Exams, assessments, end of term projects and a slow emergence from Covid restrictions – it’s no wonder out teenagers are finding life a bit of a struggle at the moment. But then maybe we are all struggling. In family systems theory, if one member of the family is finding things tough then the whole family responds, even if unconsciously; we all feel a bit off and may not be able to put our finger on why exactly.

In my work in schools and colleges I use the research by Dr Judson Brewer to help young people to identify the major difference between stress and anxiety. If parents can identify the difference too for themselves, then they can help their children.

In a nutshell, stress as in the bodily stress response is a perfectly natural, important phenomenon. We need to have an alarm system that readies our bodies for flight or fight. We are all familiar with this ‘caveman’, old brain system. This part of the brain is responsible for life and death moments, it is charged to keep us safe and its job is to scan the environment to alert us to potential danger.

The problem arises on our modern day living. This old brain cannot differentiate between levels of stress, i.e., that some are more important than others. But the brain simply sets off the alarm in any perceived threat. Today this can be a boss or teacher asking for a deadline to be met; a loud and sudden noise.

In modern day society our body can be in almost continuous stress, which of course eventually makes us susceptible to illness, our immune system is compromised. The school system colludes with this, especially around this time of year when all young people are placed under exam conditions.

It is no wonder that anxiety is on the rise. So, if stress is the actual event or perceived event, anxiety arises when we think about the possible event or the aftermath of an event. Dr Judson uses the example of stepping out into the road and quickly stepping back because a bus is approaching.

You are ok, but the immediate stress response kicks in and you feel the heat pounding etc. Left to its own devices the body would then slowly return to a stable state, job done, stress reduced. However, because we have a sophisticated well developed forebrain, we have the ability to ruminate “what if I had been knocked down by the bus, I might have died, or be in hospital for weeks. What about my job? Who will look after me and the children? Etc etc…..”

It is this thinking about that differentiates stress from anxiety. By and large stress is reduced once the stressor has been dealt with. The thinking brain however is now working on what if… and the possibilities are endless.

The problem is that this level of anxiety then sends messages to the old brain that we feel stressed, and off goes the physiological response once again. We are literally wearing ourselves out in modern day society.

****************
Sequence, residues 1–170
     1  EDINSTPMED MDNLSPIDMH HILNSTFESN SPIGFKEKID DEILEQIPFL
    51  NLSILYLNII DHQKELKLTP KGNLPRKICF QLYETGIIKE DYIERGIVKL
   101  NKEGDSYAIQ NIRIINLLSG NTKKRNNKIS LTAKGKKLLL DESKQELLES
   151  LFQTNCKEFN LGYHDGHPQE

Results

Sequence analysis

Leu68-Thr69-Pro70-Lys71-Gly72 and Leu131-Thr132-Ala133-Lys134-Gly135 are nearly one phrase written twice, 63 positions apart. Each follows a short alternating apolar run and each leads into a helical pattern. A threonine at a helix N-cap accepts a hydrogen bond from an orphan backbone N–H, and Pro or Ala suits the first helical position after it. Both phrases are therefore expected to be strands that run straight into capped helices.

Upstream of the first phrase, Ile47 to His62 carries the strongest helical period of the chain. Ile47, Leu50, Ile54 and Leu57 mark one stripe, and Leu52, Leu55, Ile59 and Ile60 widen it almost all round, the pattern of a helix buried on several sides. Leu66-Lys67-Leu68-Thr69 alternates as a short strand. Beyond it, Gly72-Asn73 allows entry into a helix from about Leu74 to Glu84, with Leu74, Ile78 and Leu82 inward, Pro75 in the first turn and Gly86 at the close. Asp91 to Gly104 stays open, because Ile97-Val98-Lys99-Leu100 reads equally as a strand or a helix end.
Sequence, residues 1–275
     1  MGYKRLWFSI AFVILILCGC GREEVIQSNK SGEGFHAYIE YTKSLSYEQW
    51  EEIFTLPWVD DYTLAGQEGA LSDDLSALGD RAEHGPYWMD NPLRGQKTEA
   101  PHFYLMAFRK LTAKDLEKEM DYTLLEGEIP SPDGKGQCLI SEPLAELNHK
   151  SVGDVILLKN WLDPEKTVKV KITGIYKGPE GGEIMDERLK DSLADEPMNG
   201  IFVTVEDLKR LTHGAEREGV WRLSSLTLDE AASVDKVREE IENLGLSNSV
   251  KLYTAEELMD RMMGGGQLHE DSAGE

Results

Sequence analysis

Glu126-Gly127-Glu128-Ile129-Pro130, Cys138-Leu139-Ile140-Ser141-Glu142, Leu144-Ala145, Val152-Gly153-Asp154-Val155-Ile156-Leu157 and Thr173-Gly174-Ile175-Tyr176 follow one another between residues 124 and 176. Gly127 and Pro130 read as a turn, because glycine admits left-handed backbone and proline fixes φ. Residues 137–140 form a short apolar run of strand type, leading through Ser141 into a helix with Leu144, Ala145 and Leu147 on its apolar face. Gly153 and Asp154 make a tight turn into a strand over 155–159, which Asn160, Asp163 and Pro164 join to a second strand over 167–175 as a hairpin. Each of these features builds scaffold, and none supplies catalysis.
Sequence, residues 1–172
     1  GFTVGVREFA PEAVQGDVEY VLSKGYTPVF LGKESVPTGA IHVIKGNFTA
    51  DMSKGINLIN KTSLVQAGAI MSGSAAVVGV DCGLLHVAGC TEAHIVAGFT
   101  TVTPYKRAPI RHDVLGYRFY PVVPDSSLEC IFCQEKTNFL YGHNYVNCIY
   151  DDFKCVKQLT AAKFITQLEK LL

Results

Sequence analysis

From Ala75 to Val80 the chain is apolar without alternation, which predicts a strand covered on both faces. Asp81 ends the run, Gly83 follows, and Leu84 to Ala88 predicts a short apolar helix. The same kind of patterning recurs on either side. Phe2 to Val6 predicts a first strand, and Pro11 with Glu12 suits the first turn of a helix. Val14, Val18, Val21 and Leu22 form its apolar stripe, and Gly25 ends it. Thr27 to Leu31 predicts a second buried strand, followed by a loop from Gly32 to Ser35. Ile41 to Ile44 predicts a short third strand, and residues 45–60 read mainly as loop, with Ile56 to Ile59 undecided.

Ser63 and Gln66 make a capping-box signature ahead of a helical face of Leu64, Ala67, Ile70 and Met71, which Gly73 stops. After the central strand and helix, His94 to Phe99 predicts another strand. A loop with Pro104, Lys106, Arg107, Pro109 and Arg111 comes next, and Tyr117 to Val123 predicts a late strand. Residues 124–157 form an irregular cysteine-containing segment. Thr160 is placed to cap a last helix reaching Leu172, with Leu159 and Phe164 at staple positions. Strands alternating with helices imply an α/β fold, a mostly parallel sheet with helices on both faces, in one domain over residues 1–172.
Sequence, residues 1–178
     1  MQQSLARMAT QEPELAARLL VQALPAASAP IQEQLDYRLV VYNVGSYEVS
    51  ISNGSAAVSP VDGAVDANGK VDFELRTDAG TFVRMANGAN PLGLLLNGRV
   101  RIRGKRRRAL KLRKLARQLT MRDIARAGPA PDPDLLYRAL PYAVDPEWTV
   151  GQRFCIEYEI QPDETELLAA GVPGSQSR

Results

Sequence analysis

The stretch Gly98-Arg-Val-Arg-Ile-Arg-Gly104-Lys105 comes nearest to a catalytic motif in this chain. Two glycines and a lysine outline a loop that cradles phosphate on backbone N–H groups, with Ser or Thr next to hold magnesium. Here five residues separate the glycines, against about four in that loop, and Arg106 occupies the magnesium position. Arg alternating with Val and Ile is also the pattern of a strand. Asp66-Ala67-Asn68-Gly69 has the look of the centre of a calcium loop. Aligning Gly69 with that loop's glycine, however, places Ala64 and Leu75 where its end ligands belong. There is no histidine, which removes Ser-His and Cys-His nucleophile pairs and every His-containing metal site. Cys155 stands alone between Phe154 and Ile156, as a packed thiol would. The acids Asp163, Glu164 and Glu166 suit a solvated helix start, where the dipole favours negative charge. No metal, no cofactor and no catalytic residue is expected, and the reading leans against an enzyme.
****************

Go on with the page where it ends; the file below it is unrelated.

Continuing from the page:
When you observe your teenager behaving in a way that indicates stress or anxiety, Dr Judson suggests this reflection. If you sit with them and make a list of all that needs doing, homework, revision, maybe household tasks and discuss the time management this may help.

The sign that it is helpful is when an item is ticked off they actually feel a sense of relief or accomplishment. The stress levels are reduced as the list becomes more and more manageable.

If, despite this kind of approach you still observe high levels of stress then they have probably moved into anxiety. Worrying about the worry of the stress. The first step here is a listening ear. Be fully present and identify for yourself whether this sounds like rumination. The clues are usually that the wording is generalised, or the same ‘problems’ are resurfacing each time.

Dr Judson states that research shows worry is less ‘bad’ than fear. We have evolved a new mechanism called worry to help us feel better than facing the fear of not handing in the homework in on time for example.

We create habit loops, where worrying about things at least seems to give us some control, it therefore feels rewarding to the learning brain. The brain is a problem solver and if we are frightened, we do not like this feeling, so if the brain can come up with a less threatening feeling it will.

Apparently, worry is that. Although of course, it doesn’t work in the long term. In some cases people can become clinically diagnosed with anxiety as it really stops them living life to the full.

Once we think our teenager may be suffering from anxiety the next step is to remind them that this is not their fault. It is simply the brain doing its brain thing. If we think it’s is our fault we add to the habit loop of being anxious about being anxious!

The antidote?

Self-compassion, kindness to self. What? I hear you ask. Yes I know this sounds counterintuitive, but research shows that compassion is more rewarding to the brain that admonishment. Expansion verses contraction. Breathing in deeply, bring awareness to the breath and a curious kind thinking to how this feels in this moment is the starting point to releasing the anxiety. Feeling is the key.

By focusing of the feeling rather than the thought itself, we bypass the habit loop and help the body to return to its more natural stable state.

We can of course model these simply changes in our own reaction to stress and anxiety so that our children see that it works. Our own ability to breathe and feel the discomfort with curiosity will affect the whole family system, and ultimately lead to a more peaceful household, even during exam time.



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